I remember my mom asking me some time ago, with a curious look in her eyes, “So, how does therapy work? You just talk to people and then you can cure their mental disorders? ”

Psychotherapy has in recent years gained more and more interest, as people slowly get to be more aware of the importance of our mental health. However, there is still a lot of mystery surrounding the concept of “psychotherapy”, which leads to a lot of different reactions towards it: some people are curious to know more about psychotherapy, some are confused by its mysteries.

In my opinion, the mysteriousness of psychotherapy and lack of understanding towards it comes from the perpetuation of myths, as well as the media hype that surrounds it. Of course, this meant that as clinical psychologists, we have not done enough psychoeducating towards the general public. That’s why, in this article, I wanted to invite you, the audience, to join me in discovering what is psychotherapy, along with the top 3 things you didn’t know about psychotherapy.

Before Psychotherapy Begins, There is Another Step? 

Whenever a client or potential client messaged us to make an appointment for a psychotherapy session, they will usually tell us about their individual concerns, such as whether they have clinical depression, or anxiety disorders, etc. But when we dig deeper and ask further about their concerns, we realize that their “diagnoses” didn’t come from a proper diagnosis formed by either psychiatrists or clinical psychologists (Note: Only these two kinds of professionals are able to provide a proper clinical diagnosis). Rather, these “diagnoses” came from their own internet research and online psychological assessments.

It’s not that difficult to find such psychological assessment tools online; in fact, we provide them on our own website here (you can click here to know more about these screening/assessment tools). But do note that the main purpose of these psychological screening tools is to help the general public understand their own mental health, and that’s why the results gained from such tests can only be used as a reference, so that everyone can seek for professional assistance or guidance when there is a need to do so.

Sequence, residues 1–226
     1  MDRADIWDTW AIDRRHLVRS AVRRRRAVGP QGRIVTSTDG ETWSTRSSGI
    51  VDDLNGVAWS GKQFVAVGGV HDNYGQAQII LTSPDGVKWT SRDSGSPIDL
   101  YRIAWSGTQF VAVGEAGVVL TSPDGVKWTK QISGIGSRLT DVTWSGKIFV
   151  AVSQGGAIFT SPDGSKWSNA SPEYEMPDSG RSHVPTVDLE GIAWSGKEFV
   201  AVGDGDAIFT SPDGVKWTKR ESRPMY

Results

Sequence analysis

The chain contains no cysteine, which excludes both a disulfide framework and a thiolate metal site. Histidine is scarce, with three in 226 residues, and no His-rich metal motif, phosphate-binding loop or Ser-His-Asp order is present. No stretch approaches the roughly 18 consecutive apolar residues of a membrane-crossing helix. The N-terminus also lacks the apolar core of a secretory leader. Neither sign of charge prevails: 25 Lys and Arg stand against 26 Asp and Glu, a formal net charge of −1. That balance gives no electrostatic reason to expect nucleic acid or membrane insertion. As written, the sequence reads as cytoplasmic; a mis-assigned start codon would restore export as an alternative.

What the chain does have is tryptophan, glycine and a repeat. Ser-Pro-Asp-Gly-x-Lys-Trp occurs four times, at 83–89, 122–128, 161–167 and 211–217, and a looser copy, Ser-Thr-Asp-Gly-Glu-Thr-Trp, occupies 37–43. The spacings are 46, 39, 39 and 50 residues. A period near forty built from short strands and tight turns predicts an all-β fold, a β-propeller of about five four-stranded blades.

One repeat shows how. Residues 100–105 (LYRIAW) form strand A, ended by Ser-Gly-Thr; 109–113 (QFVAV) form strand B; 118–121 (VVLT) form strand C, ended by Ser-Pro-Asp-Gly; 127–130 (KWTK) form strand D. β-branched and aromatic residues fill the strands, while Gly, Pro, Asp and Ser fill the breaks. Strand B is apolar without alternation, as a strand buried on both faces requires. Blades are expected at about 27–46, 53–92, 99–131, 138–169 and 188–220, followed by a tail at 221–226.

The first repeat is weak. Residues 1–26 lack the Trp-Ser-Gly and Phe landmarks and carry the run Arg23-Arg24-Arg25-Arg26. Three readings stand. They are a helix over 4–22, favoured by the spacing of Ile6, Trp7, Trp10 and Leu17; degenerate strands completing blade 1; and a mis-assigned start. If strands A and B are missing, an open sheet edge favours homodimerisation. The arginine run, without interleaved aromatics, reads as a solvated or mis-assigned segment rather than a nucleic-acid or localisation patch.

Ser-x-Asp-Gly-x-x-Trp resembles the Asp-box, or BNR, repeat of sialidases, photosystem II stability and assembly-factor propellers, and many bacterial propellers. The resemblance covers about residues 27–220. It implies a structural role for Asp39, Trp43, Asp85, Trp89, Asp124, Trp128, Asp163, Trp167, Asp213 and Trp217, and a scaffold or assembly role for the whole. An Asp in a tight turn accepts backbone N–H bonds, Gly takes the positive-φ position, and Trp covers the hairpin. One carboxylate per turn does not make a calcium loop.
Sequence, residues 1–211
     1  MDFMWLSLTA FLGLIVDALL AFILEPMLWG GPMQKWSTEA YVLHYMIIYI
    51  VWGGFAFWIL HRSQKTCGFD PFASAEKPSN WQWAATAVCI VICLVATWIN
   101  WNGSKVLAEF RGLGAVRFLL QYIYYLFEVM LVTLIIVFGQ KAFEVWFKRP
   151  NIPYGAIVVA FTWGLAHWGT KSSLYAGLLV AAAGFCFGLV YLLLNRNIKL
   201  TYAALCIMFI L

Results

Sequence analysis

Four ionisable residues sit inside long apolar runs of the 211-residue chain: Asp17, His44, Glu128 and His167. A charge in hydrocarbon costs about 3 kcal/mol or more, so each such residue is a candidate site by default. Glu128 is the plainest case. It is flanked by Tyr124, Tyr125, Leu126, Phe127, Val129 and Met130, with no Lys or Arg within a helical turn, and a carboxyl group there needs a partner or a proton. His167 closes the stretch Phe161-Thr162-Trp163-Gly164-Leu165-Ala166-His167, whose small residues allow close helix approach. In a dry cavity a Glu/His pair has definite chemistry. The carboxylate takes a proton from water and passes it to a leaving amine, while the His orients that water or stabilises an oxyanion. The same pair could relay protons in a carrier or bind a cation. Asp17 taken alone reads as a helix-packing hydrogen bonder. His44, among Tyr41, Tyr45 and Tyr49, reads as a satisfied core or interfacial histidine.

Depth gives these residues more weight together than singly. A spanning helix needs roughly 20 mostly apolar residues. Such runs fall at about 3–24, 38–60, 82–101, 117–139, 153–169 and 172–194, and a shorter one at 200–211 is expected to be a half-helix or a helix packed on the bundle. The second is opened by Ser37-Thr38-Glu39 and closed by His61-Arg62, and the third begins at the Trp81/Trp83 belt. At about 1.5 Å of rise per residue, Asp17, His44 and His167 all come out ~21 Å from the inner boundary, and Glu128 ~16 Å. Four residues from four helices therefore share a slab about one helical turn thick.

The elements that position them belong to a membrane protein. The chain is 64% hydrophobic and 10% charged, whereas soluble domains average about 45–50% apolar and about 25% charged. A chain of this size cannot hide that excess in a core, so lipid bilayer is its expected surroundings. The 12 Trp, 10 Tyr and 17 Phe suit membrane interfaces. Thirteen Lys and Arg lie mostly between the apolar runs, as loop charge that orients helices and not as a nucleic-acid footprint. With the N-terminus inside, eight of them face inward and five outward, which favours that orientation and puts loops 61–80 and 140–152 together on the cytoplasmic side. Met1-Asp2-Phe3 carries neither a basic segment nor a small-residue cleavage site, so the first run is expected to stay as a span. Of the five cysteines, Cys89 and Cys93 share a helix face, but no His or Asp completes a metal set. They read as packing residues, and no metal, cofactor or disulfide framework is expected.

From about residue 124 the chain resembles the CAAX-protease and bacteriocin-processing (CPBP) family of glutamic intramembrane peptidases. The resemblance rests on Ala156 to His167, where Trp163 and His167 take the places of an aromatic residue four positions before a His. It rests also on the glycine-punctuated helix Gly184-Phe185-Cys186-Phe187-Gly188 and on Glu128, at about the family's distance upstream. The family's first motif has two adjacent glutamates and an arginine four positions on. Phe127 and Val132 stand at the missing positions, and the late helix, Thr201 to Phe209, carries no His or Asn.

For example: just like the recent covid-19 disease, you may perceive yourself as experiencing symptoms of “sore throat, dry coughs and breathing difficulties”. These perceived symptoms are signals for you to seek help, but they do not definitely indicate that you truly have the covid-19 disease. In order to be properly assessed and diagnosed, you still need the guidance of a professional doctor to distribute the required tests. Self-diagnosis can only lead to more feelings of anxiety and fear.

So, to go back to the topic of psychotherapy: before the professionals conduct a proper psychotherapy session, what they will do is to provide a thorough mental health assessment and diagnosis. Only when they have determined what the concern was can they provide a more personalized and suitable therapy to help you. Normally, what the clinical psychologist will do to help the client fully understand their current mental health state, and to gain an accurate assessment/diagnosis, is to combine the methods listed below:

  • A mental health inventory:this form of assessment requires the client themselves to fill up the form or to rate their recent state of mind or situation (e.g. “Are you experiencing feelings of sadness? 0 – I don’t experience any feelings of sadness; 1 – I sometimes experience feelings of sadness; 2 – I am always experiencing feelings of sadness, and I can’t get out of this feeling; 3 – I feel extreme feelings of sadness, and I can’t control them.”)
  • Interview:the professional will ask you a series of personal questions, in order to understand your concerns and situation
  • Observation:the professional will observe your emotion, your speech, your thoughts, your attention span, etc., throughout the session

What Does The First Psychotherapy Session Look Like? 

During the first psychotherapy session, the client will obtain a copy of an informed consent, and this document’s purpose is to help the client gain a basic level of understanding towards some key conditions of a psychotherapy journey, such as:

  • The benefits and risks of participating in psychotherapy
  • The clients’ rights to privacy, as well as some of the conditions under which their rights to privacy will be revoked
  • The consultation fee of psychotherapy
  • The terms and conditions of participating or canceling an appointment

After the client has fully read and agreed with the terms of the informed consent, and after they have provided their signature on the document, only then can the first psychotherapy session begin. Usually, the first psychotherapy session will be 90 minutes long. The first session is mainly to help the clinical psychologist fully understand the client’s concerns and mental health condition. You, as the client, may be required to fill up some mental health screenings, and the psychologist will also ask a series of questions, such as: